Advertisement
YOU ARE HERE: LAT HomeCollections

Page 2 / IDEAS, TRENDS, STYLE AND BUZZ | Bookshelf

Our Gumshoes Are Wearing High Heels

Mysteries

October 08, 2000|DICK LOCHTE | SPECIAL TO THE TIMES

Last year, Robert B. Parker interrupted his flow of bestselling novels about Spenser, a Boston private eye, to introduce a new series focusing on another Boston private eye, Sunny Randall. Sunny differs from Spenser in many ways. She's divorced. She has an elaborate history complete with ex-cop dad, clueless society mom and sister from hell. She has two names. She also has a dog, a miniature bull terrier named Rosie who's a darn sight more fun than Spenser's hound Pearl.

She takes Rosie with her on stakeouts; Spenser leaves Pearl at home. While Spenser's protector is a soulful African American hit man named Hawk, Sunny relies on a powerful, semi-sadistic gay restaurateur named Spike and her ex-husband Richie, possibly the most understanding and devoted former mate ever to appear in fiction. (Richie is also the son and nephew of Boston's reigning organized crime kingpins, who are old-school enough to consider his ex-wife as family.)

Sunny's new caper, "Perish Twice" (Putnam, $23.95, 293 pages), finds the beautiful and resourceful sleuth trying to assist three women in conflict. Her impossibly self-absorbed older sister, Elizabeth, driven bonkers by her husband's infidelity, is drinking too much and sleeping around. Her best friend, Julie, driven bonkers by her husband's impassivity, is, hmmm, drinking too much and sleeping around. And her paying client, Mary Lou Goddard, the lesbian CEO of a consulting firm with a "feminist perspective," is being stalked. It's Mary Lou's problem that qualifies the novel as detective fiction, especially when her assistant is murdered. Shortly thereafter, the stalker's body is discovered with a suicide note expressing sorrow for having killed the wrong person. The cops are satisfied. Sunny isn't, for several believable reasons, including an absence of extra bullets at the suicide's home.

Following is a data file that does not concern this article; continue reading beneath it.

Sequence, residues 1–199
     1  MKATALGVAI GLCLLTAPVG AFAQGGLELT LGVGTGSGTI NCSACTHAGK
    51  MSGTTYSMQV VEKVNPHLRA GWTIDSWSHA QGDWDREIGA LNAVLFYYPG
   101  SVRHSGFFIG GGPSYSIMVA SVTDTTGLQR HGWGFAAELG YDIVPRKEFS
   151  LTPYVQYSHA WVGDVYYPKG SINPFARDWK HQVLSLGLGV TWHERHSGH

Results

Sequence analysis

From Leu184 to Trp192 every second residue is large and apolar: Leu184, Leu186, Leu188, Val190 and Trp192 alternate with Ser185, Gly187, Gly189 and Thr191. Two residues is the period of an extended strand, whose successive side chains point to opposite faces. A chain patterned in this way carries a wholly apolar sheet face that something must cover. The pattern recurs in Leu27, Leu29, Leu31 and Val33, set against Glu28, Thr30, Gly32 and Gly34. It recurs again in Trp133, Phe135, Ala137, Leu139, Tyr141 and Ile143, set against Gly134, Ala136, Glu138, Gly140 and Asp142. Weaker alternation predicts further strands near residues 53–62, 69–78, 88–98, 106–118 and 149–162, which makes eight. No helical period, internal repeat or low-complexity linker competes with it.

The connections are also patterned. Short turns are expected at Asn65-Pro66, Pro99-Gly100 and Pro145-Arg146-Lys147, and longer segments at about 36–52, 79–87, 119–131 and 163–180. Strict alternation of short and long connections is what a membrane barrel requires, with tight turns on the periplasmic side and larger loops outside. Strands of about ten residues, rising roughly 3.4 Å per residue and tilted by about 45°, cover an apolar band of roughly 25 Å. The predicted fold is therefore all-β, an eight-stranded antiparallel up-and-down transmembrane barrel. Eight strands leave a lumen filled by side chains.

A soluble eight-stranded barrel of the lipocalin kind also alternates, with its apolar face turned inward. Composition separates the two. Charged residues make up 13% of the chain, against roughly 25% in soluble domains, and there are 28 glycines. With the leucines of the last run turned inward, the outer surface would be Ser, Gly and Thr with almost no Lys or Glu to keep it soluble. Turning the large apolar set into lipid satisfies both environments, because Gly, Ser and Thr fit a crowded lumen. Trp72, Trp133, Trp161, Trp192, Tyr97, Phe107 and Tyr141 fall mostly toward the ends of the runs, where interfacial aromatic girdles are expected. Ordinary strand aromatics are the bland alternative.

Sunny is a terrific character whose conversation sparkles and whose unsentimental attitude is refreshing. However, whenever the novel shifts from the murder case to the matrimonial problems of sister and friend, it's like a good song pausing for an annoying refrain. And refrain it is. How can Sunny be divorced and remain so darned, ah, sunny, each woman asks. She tells them, but they don't seem to hear her, because a chapter or so later, they ask again. And again.

There's also a problem at the novel's end. One of the big attractions of mystery fiction has always been that it provides the sense of closure usually missing from real-life crime. The bad guys are discovered, exposed and removed. Lately, either as examples of attitudinal cool or, perhaps, authorial disinterest, there has been an unsettling trend toward endings with strings attached. "Perish Twice" answers the who-done-it and why-done-it questions, but it also leaves you with the queasy understanding that no legal consequences will be forthcoming. It's a testament to Parker's skill that his novel is as entertaining as it is maddening.

*

Parnell Hall's new female-oriented series, of which "Last Puzzle & Testament" (Bantam, $23.95, 352 pages) is the second entry, has its merry way with the cozy concept of the small-town spinster-sleuth. Hall's offbeat take features Cora Felton, the multi-divorced, vodka-swilling, crime-loving Puzzle Lady, whose popular syndicated crossword creations are actually the brain work of her often-exasperated, pretty but uptight niece, Sherry Carter. Their cottage is in Bakerhaven, Conn., a small town that, judging from the number of corpses that dot its landscape (accompanied or prompted by puzzle clues), may someday give Jessica Fletcher's Cabot Cove, Maine, a run for the title of Murder Capital of the U.S.

"Testament" concerns a wealthy dowager's will that stipulates that her heirs endure a scavenger hunt for clues to a puzzle that will unlock her fortune. Ten thousand dollars have been set aside for the Puzzle Lady, should she agree to oversee the contest. Indeed she will. Cora likes money and mysteries as much as she hates puzzles.

The fun comes not just from the Miss Marple-on-martinis concept, but from the style of the book itself, which is a sort of homage to the very entertaining, breezy mind-game mysteries of the 1930s and '40s. Cruciverbalists (a word not in my dictionary but which Hall informs us means puzzle fanciers) are provided a crossword grid to use in figuring out the clues before the characters do. The rest of us can just sit back and enjoy the show.

*

Advertisement
Los Angeles Times Articles
|
|
|